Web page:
The wrangle between the Securities and Exchange Commission and the U.S. Chamber of Commerce took an intriguing turn last week when, fast on the heels of filing an anticipated legal brief in the U.S. Court of Appeals opposing the Commission's independent chairman rule, the Chamber launched a bi-partisan study into the impact of state and Federal regulations on the nation's capital markets.

The study, which will be chaired by William Daley of JPMorgan Chase and Robert Steel of Goldman Sachs, will consider the appropriate regulatory framework for the markets. Its premise is that many current rules might be outdated and that others may have been too hastily drafted during a period of extreme regulatory difficulty two years ago.

"Our current system of capital market regulation and oversight is a patchwork quilt of state and Federal laws and regulations," said Chamber President and CEO Thomas Donohue. "This system was put together in a piecemeal fashion with each component developed in reaction to a different set of historical concerns, [including] Sarbanes-Oxley.

"None of it was created with a comprehensive perspective on the size, the complexity and the speed of our current markets, their international scope or their impact on the lives of average Americans," he said, adding that the current regulatory situation poses a real risk to the economy.

But taken against the backdrop of the Chamber's lawsuit against the SEC's independent chairman rule (see MME 8/22/05), which has been alternately hailed as a final solution to conflicts of interest in the mutual fund industry and a costly overreaction to the market-timing scandal that threatens to sink smaller fund shops, the study could be perceived as an action by a special-interest group that's finally grown fed up with new rulemaking.

"The Chamber is trying to get to 50,000 feet to look down on a wide range of rules, but also on a wide range of complaints that are coming from its members," said Charles Lundelius, a senior managing director at FTI Consulting in Washington. "It allows them to recast their argument and bring issues like the independent chairman rule and the raising of capital into perspective."

"If there's a common thread here, it's that Sarbanes-Oxley was passed in a rapid period of time, as was the independent chairman rule, so they might look at proposing that rulemaking be conducted over a longer period," Lundelius said.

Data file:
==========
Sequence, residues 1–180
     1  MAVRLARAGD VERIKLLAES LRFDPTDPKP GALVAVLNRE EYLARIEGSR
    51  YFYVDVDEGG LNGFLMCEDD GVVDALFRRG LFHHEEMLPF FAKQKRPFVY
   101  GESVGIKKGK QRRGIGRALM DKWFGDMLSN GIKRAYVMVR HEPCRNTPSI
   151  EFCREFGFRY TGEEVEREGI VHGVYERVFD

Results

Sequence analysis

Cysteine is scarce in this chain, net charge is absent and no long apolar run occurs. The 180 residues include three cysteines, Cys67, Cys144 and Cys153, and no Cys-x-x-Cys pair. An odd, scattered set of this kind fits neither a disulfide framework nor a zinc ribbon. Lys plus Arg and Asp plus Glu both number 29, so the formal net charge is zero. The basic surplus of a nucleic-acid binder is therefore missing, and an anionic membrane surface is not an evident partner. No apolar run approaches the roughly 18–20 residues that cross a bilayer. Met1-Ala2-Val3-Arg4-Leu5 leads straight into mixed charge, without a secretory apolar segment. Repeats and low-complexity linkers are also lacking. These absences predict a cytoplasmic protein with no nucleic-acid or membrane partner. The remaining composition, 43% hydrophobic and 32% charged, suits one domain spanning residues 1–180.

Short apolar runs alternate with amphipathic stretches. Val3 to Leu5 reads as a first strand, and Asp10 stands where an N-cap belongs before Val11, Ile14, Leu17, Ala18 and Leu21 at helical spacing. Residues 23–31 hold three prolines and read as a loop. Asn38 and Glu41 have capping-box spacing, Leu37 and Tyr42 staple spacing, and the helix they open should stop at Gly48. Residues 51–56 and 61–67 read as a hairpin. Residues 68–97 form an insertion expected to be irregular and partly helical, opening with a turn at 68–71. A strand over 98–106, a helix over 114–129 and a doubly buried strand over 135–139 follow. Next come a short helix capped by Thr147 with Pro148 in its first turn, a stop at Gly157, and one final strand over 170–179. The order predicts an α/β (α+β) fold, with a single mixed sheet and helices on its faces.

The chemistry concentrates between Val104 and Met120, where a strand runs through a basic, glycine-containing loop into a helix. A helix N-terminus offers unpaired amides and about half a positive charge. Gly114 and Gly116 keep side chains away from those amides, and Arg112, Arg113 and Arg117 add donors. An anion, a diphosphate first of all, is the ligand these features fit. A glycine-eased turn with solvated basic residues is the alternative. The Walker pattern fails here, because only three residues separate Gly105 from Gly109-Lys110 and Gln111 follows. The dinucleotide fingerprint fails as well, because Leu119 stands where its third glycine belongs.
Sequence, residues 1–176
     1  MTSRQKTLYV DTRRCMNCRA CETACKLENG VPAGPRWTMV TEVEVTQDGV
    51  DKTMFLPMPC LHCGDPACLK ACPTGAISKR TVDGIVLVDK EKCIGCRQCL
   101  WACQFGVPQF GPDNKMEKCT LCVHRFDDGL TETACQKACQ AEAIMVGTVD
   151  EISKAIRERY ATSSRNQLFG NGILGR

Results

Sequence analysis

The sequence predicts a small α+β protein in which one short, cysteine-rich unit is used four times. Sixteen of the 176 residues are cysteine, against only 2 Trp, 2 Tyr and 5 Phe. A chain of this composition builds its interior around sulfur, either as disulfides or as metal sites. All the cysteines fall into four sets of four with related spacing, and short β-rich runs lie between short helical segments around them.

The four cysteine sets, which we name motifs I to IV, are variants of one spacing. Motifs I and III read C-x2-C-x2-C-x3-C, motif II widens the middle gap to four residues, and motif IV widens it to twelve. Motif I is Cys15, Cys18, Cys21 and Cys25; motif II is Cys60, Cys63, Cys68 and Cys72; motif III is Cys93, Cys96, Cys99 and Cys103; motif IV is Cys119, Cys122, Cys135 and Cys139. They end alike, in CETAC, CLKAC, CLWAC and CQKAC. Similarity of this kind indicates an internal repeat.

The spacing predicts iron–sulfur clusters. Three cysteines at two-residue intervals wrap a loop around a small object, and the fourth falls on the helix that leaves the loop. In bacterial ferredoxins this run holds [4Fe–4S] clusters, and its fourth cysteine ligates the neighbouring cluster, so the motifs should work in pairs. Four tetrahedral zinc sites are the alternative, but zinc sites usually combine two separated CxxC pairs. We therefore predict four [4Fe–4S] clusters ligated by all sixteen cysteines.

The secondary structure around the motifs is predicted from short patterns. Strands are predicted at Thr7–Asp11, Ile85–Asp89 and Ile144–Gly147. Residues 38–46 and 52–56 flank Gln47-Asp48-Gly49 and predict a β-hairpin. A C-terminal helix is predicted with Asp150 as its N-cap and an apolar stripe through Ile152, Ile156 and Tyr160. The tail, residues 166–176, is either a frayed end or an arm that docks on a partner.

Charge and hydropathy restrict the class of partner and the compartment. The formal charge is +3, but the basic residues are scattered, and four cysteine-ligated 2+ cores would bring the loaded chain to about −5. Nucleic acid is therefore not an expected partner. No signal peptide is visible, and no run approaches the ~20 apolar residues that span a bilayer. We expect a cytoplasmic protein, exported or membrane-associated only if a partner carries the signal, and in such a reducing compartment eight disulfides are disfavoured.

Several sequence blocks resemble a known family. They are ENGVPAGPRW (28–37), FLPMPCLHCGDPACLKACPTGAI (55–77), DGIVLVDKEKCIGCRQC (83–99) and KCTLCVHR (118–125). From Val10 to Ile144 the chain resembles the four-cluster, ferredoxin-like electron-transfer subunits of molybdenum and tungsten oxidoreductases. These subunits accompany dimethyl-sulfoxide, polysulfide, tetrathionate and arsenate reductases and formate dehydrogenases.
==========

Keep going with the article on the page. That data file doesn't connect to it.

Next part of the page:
The Commission on the Regulation of U.S. Capital Markets in the 21st Century will consist of 16 others from the fields of economics, finance and market regulation. It will primarily examine the proper balance between state and Federal regulation, the desirability of global compatible regulatory regimes, the proper role of stock markets as regulators, and the most appropriate state and Federal enforcement mechanisms. Public and private hearings will cull feedback from across the country. By early 2007, it will issue a report outlining specific legislative and regulatory recommendations to strengthen the markets.

"We're not trying to reinvent the wheel here," said Daley, who is chairman of JPMorgan Chase's Midwest region and a former Secretary of Commerce. "The bottom line will be a series of practical recommendations" to be considered by the White House, the Congress, the regulatory agencies and the general public.

The commission also will not, Donohue said, advance any predetermined conclusions.

"This is not a rescue ranger operation," added Steel, a retired vice chairman of Goldman Sachs, who still serves in an advisory capacity and teaches as a senior fellow at Harvard's Kennedy School of Government.

Donohue said he recently informed SEC Chairman Christopher Cox of the Chamber's plan, and Cox's response was "very positive." Donohue said he expects that Cox will meet with the Chamber's commission. The SEC issued MME this statement: "The Commission always welcomes and actively seeks the public's views to help the Commission protect investors through affective regulation."

Although Donohue refused to cite particular areas of rulemaking that need fixing, he did say that "overregulation is drawing down the system" and that enforcement of Sarbanes-Oxley "clearly needs attention."

"Enforcement people at the SEC and the Justice Department have taken some steps that I don't think were intended by Sarbanes-Oxley," he said. "Sarbanes-Oxley wanted to find people not playing by the rules, but some of the enforcement [measures] make every action a crime." He also said that state attorney generals are taking much too great a role and their threats of indictments have, on occasion, eroded the capital base of financial companies overnight.

The legal brief filed by the Chamber on Nov. 7, which responds to a brief from the SEC filed on Oct. 21, reiterates that in re-affirming the independent chairman rule last summer, the Commission made "gross procedural errors" and that its additional cost/benefit analysis of the independent chairman rule contained "serious analytical shortcomings." Both sides were scheduled to provide their final briefs to the court on Nov. 14. Oral arguments will begin shortly afterwards and a final decision on the rule, which has been suspended by the court, is due in the first quarter of 2006.

(c) 2005 Money Management Executive and SourceMedia, Inc. All Rights Reserved.

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